This is last part of Notes from the Problem Child, Arthur Roeser's caregiving story. Read part one, part two, part three, part four, part five, part six, part seven, part eight, part nine, and part ten. I was helping mom where she couldn't help herself. Though the...
Every step in the recovery process was delicate and had a potential setback, every remedy had a potential side effect.
It feels like whatever you want to happen quickly, doesn’t, and whatever you’d prefer to deal with later won’t wait.
One caregiver recounts the dreams his father once had, the soon-to-be-diagnosed delirium his father suffers from and the memories triggered by the first days caregiving.
I quickly learned that hospitals abide by their own set of rules and not at all in tune with my expectations as a caregiver.
I lay there thinking about all the questions about dad’s health– there were still no answers.
I had entered the caregiver ring, stepped inside and rose to the bell to fight alongside my dad and family. We were determined to find out what was wrong with him and get him better. But it wouldn’t be that easy.
I wondered if this would indeed be the time. And would I be too late to say goodbye?
I asked that I could have at least one more connection with him, that I could tell him I love him and that he’d know that love was coming from me.
This is part two of Notes from the Problem Child. Read part one here. The problems with my dad started last Spring. To set this up, actually, there were troubles way before then. The dynamic my brother, sister and I had with mom and dad was the sort of thing that...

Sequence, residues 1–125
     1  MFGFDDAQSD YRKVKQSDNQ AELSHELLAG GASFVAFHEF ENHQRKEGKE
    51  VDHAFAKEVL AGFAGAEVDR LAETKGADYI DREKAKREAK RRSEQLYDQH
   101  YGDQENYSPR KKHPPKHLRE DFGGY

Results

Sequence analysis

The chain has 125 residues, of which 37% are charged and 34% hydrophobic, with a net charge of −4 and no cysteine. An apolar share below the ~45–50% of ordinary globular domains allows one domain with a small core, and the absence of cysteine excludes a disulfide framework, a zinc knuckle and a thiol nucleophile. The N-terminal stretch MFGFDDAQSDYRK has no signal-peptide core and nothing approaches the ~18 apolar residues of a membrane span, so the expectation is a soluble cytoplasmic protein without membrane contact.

This is part one of Notes from the Problem Child On my father’s 92nd birthday, my mom, brother and I marked the occasion by getting rid of all his clothes. He wouldn’t be needing them anymore. By that time, he’d been dead nearly 5 weeks. Two thoughts echoing inside...
Focusing on healing one condition is tough enough, but two? This can feel about as hard and confusing to the caregiver as it is to the patient. For example, dealing with cancer combined with dementia can present a host of conflicts, complications and questions....
50% of caregivers suffer clinically significant symptoms of depression– that’s 32.8 million caregivers. What to look for and what to do–
Anger is natural and dealing with it is really critical to everyone’s well being. When you’re tending to someone else’s illness, it’s easy to feel like everything is about them, not you. To a large extent, that’s the reality of what you’re involved in. But it is a two-way street where your ability to cope benefits both the patient and yourself.
By Rob Ulrich